Scarcity. It’s a mindfuck because it’s literally the opposite of what we thought the internet was good for. The internet as we’ve come to understand it, is at its core a very elaborate mechanism for networking and file sharing. Files are digital objects and are infinitely duplicable, usually for free. Supply and demand dictates that if you can copy something infinitely, the object has little to no value. In order to drive value you need a mechanism of authentication that proves the object’s scarcity. Why are Da Vinci’s paintings valuable while photocopies of his paintings are not? Because there are only 20 paintings, but an infinite amount of photocopies. In order to make objects valuable, their supply has to be finite. Bitcoin does this through capping its maximum supply at 21M. That scarcity is one precondition to value. In addition you need demand, the existence of which the last decade has proven.
We’ve established that Bitcoin introduced online native ownership and has imbued the things you own with value through scarcity, but there is a third prerequisite for you to own something of value: You need to be you! Identity is the third mindfuck of Bitcoin. Prior to Bitcoin you did not have an identity online, you only had a username. The difference is simple: The two are distinguished by ownership. The actions of your identity accrue to you and you alone, while the actions of your username accrue to the service provider you got your username from. For example: When you check into a hotel in Paris, New York or London, you always check in with the same personal identification. Online (in Web 2 that is), for every service you check into, be it Instagram, Pinterest, Amazon, Uber or whatever else, you create an individual username and password. The interactions you have with one service don’t accrue to your username on the other. This presents a problem, because you cannot take ownership of your actions that way. A real identity is more like the offline version. It is portable and valid across different services. Bitcoin solves this problem by assigning you an address within Bitcoins ledger. This address accrues all interaction you have within the network and thus lets you take ownership of your digital identity.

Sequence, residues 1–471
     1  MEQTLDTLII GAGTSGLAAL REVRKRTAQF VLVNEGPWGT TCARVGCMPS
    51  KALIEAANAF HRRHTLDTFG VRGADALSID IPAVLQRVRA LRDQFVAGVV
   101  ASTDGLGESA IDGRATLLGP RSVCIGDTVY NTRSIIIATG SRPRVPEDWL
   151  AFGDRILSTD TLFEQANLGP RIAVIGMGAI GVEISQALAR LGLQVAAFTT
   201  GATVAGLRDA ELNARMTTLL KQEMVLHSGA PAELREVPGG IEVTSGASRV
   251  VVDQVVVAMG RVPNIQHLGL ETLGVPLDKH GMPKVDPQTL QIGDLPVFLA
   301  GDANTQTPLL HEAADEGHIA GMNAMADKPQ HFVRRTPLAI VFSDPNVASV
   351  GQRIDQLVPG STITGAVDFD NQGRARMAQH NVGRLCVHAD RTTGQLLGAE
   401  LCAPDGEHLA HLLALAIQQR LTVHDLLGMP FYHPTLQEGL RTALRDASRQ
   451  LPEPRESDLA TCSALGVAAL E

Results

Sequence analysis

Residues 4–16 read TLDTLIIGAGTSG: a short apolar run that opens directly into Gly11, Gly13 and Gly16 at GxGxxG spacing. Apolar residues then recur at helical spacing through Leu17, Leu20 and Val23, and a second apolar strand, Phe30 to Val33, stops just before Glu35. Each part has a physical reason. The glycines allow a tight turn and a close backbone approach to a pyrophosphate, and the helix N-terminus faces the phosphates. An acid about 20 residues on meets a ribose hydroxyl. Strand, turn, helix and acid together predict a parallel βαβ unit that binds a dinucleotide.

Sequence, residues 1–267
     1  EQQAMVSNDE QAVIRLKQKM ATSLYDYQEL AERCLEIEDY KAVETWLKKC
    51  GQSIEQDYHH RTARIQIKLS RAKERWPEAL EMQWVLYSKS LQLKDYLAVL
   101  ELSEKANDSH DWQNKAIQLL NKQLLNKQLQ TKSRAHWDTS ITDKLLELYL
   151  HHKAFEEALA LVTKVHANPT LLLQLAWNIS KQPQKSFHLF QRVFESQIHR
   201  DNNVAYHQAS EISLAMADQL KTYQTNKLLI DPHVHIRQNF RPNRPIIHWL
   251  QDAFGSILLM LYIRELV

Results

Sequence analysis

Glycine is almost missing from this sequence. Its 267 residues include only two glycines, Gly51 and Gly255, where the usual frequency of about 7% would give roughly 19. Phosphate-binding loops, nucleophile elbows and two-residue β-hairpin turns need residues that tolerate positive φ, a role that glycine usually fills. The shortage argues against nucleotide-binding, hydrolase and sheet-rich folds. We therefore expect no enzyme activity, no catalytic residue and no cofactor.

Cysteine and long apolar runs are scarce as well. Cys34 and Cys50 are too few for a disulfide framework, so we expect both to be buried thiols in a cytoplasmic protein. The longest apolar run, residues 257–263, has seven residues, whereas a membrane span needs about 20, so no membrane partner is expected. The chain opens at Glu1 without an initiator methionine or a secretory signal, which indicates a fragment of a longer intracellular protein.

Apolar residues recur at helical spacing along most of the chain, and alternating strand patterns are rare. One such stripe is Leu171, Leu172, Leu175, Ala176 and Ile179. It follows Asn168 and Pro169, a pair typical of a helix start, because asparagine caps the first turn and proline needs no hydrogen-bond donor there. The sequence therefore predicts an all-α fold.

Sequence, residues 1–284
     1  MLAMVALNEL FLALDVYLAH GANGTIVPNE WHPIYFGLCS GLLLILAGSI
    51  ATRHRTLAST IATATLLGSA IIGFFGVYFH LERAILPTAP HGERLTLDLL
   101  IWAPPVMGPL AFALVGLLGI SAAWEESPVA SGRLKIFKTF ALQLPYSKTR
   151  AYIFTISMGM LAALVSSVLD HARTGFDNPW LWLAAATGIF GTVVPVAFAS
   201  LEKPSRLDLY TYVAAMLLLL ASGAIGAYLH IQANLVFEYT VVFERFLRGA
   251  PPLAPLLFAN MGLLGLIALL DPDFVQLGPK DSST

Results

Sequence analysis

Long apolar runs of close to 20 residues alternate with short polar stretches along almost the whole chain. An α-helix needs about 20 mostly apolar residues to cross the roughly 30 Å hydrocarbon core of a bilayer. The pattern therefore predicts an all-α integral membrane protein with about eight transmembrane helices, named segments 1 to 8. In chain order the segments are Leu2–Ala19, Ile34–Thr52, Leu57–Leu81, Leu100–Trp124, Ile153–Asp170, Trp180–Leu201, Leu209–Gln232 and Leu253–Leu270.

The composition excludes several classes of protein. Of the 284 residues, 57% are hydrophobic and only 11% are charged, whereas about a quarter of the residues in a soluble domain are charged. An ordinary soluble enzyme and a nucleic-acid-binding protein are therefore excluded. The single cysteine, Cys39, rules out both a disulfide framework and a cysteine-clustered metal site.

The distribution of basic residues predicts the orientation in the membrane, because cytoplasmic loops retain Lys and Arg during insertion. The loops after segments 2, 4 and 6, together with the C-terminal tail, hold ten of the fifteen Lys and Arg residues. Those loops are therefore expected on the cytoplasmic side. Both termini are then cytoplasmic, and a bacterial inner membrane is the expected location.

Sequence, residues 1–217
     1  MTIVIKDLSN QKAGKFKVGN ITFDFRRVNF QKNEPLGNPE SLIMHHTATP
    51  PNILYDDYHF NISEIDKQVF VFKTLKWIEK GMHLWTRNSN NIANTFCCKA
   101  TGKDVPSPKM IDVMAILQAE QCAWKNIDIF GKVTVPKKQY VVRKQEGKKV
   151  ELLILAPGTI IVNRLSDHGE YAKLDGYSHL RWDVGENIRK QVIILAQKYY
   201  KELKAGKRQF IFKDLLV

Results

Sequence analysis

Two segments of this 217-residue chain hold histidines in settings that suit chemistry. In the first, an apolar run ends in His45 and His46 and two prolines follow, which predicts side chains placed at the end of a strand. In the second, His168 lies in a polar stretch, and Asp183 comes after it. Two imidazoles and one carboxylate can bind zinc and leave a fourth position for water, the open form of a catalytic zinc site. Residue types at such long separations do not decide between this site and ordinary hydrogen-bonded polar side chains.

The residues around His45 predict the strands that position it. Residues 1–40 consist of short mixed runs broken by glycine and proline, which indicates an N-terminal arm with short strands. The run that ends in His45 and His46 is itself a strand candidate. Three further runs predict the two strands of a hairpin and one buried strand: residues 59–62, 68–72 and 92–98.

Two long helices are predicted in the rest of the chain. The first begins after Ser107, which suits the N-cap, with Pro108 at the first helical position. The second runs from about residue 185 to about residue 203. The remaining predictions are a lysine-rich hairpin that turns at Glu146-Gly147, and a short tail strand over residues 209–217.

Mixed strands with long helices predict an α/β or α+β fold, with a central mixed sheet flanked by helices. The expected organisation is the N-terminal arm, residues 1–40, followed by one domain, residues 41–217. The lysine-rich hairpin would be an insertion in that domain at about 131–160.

The importance of these three mindfucks can not be overstated. They are fundamental to why Web3 will drive an incredible amount of value back to its users and change the structure of how we interact with online services.
Again: Bitcoin translated the concepts of ownership, scarcity and identity into online native processes and that is unprecedented.
There is a fourth mindfuck in the wonderful world of Web3 and it is the fourth cornerstone of business. It was introduced by another computer program that was built on the back of Bitcoins technological innovations and enhanced them. In addition to the three concepts above, Ethereum introduced the online native equivalent of contractual obligations. It’s the same story: Offline we are very familiar with contracts, we all use them every day, implicitly or explicitly. Online they are a novelty.
The business opportunities that arise by natively integrating the above concepts online are mind bogglingly huge. My assumption is that offline identity, ownership and contractual obligations enable most, if not all of our economic activity while scarcity drives their value. Web3 is currently in the process of bringing all of them online in a native, transparent and verifiable way. What does this mean for how the internet and world will look when all this is widely implemented? My guess is as good as yours, but I’m betting it’ll be big.